Celtics

Celtics

BOSTON – Emotions were still running high for Marcus Smart in Wednesday’s game against Houston, less than 24 hours after he lost his cool and composure on the sideline at Washington and took his frustration out on the Celtics’ assistant coaches.

Smart didn’t have one of his best games of the season on Wednesday, but he played with clearer head, better focus and still played with a great amount of emotion that ultimately helped Boston to pull away for a 120-109 win over the Houston Rockets.

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Smart, who came off the bench after head coach Brad Stevens replaced him with Jaylen Brown, had seven points, six assists and three steals as the Celtics (27-18) snapped a three-game losing streak.

Head coach Brad Stevens had said earlier that he and Smart discussed the incident, and that it was being handled internally.

But there was no mistaking Smart’s play seemed to have a greater focus and purposed about it, while he still played with great passion and emotion.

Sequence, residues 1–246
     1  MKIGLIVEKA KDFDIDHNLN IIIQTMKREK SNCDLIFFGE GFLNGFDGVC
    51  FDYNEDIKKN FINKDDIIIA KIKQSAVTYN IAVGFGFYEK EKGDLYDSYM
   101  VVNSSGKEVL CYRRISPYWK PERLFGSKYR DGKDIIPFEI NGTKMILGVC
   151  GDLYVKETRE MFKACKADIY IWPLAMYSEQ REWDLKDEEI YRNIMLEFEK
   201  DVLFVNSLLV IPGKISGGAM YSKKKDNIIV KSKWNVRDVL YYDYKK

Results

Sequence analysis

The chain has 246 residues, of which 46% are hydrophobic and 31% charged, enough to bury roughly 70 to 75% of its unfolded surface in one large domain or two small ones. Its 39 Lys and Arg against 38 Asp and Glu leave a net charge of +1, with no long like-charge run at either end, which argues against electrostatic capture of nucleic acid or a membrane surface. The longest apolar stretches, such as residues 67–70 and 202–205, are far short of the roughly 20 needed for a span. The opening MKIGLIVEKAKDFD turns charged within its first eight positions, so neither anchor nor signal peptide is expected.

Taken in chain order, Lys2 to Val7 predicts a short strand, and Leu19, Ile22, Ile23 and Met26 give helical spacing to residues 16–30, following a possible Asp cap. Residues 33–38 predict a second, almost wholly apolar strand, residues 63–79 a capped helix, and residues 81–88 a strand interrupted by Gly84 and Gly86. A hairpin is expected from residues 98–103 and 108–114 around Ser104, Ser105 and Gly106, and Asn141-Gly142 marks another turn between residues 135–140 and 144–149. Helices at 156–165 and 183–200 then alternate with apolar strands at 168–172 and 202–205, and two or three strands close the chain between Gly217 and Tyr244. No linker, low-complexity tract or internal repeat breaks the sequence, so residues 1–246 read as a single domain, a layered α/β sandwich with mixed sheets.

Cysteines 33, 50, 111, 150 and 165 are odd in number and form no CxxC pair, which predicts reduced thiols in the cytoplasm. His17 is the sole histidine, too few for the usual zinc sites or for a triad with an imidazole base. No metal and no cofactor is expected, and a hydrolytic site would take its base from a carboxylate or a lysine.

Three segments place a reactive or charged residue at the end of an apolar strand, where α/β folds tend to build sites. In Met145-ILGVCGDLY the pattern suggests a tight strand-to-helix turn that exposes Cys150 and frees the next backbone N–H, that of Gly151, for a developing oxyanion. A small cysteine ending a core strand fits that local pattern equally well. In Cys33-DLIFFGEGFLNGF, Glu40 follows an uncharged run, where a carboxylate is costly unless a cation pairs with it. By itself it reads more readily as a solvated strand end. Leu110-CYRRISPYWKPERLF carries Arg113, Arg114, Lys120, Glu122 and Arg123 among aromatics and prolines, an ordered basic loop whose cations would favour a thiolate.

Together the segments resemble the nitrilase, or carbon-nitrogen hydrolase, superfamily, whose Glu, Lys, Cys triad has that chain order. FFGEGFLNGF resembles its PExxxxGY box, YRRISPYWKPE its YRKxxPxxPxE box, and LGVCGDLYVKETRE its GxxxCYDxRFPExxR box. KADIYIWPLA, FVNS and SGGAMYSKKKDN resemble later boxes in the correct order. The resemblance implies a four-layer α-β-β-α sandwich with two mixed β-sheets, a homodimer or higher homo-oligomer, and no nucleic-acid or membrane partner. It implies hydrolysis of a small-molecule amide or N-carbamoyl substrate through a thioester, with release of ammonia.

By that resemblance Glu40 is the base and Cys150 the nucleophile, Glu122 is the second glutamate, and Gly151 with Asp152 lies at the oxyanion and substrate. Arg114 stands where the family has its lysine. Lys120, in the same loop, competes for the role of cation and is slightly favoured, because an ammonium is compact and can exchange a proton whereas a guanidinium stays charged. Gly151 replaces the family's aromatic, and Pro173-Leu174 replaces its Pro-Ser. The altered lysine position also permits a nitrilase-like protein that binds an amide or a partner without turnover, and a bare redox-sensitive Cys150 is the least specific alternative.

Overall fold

“I’m an emotional player,” Smart said. “I give my all every night. I went about it the wrong way (on Tuesday). I let my emotions get the best of me. But my teammates and the coaching staff, they know the kind of person I am … we talked about it. It’s in the past; we’re moving on.”

Well … not quite.

See there’s the matter of the hole in the Washington Wizards’ visiting locker room that no one seems to know exactly who did … but they all have a pretty good idea who did it.

 

Stevens didn’t know if it was Smart who put the hole in the wall. But if it was, Stevens said Smart would pay for it. And if it was another player, then they would pay for it.

“Oh, I didn’t know that,” Smart said when asked if he put the hole in the wall. “It wasn’t there when I came in, so I don’t know. I guess … I don’t remember doing it. But if it’s a hole in the wall, I put it there. I’ll take that one.”